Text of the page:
This isn’t something I've actually thought a whole lot about. I just sort of just put my mind to it and made it happen, so I can only really speak from my experiences. I suspect that it may be be easier to break into this work from within the coffee industry. It may be male-dominated, but it's a smallish, diverse industry that seems to be more sensitive to equality. It's worth noting that different industry professionals have shared with me that they often prefer working with women technicians, as they tend not to assume they know everything, which often allows for a more thorough job and better resolution. Of course, this doesn't have to be a gender-specific trait, and certainly isn't a given, but no matter who it is I think we've all experienced how assumptions and ego can get in the way of seeing the whole picture. These assumptions about knowledge probably have more to do with the way we come to learn a skill than gender. It’s generally an expected skill for men, but as women, we tend to have to earn it and prove ourselves again and again.  

As for how it happened for me, a couple years into my first coffee job, after being an advocate for the equipment and asking the company technician too many questions whenever he visited, I asked if they would train me to be a technician. I wasn't taken seriously and was halfheartedly told I could volunteer my time in addition to my full-time role as cafe manager to learn. I wasn’t equipped to handle the fight at that time, nor was I interested in working where I wasn’t encouraged to grow. Prior to my apprenticeship at Blue Bottle, I had very little hands-on experience with tools or repairs outside of the basic screwdriver and wrench use. Having a mentor and supervisor who believed in me and taught me everything he knew to build a strong foundation was key.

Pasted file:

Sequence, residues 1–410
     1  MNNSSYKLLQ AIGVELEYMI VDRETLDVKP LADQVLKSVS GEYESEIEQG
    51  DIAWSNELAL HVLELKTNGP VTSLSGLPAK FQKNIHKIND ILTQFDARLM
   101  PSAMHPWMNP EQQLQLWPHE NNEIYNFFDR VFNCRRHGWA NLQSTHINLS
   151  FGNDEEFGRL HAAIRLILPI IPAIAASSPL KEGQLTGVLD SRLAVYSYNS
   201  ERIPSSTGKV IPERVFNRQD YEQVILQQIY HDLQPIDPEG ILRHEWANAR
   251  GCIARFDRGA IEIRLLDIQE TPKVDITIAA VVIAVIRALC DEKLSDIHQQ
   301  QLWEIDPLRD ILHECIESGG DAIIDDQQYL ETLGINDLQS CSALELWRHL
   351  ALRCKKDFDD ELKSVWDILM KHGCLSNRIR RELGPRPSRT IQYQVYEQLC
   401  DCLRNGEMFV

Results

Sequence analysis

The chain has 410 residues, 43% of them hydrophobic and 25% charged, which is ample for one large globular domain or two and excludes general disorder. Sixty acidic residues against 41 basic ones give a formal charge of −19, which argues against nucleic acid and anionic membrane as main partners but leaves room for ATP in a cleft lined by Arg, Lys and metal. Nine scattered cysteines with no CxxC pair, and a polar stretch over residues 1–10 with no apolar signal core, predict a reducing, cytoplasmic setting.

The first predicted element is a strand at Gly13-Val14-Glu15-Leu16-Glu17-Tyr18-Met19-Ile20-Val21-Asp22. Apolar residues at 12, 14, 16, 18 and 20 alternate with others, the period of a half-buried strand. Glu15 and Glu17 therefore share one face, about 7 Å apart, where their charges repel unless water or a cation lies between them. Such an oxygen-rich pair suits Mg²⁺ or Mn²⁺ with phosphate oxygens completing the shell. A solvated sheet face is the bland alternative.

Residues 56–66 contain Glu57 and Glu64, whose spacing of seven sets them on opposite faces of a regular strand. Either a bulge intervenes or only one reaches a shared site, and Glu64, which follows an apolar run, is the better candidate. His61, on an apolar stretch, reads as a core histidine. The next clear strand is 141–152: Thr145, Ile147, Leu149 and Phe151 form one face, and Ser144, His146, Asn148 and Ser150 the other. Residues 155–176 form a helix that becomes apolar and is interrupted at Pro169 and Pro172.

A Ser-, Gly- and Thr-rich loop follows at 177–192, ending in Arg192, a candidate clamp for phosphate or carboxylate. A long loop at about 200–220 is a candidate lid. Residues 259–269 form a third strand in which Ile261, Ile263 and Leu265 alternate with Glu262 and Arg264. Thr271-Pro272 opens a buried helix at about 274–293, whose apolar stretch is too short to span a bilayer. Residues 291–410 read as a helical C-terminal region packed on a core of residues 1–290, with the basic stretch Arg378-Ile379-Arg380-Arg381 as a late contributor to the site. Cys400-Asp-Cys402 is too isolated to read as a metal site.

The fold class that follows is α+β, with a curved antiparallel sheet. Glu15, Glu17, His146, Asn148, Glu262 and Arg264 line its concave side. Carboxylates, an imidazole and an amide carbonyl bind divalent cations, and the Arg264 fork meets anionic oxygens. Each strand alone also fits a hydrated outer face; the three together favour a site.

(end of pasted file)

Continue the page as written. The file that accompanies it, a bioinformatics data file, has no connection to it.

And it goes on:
Experiencing other people's doubt in my abilities because I am a woman in a service and repair field is not that uncommon. Even in email correspondence, assumptions are made, and the “a” often gets dropped off of the end of my name in the reply. It is difficult to not take personally the questions that are clearly directed at my gender and ability. I try my best to turn it into an educational moment and not take offense. Still, sometimes I feel like I have to prove myself on the spot to earn trust, where trust would just be given to a man in my position.  

Everyone starts out knowing nothing. Girls and women, unfortunately, tend to be left out of the repair and hand-skills development portion, so we have more to overcome, and are therefore less likely to consider hands-on technical work. It's scary to learn new things, especially when it seems like everyone around you is already a master. My advice is this: You are capable. Learn a thing. Work on weaknesses.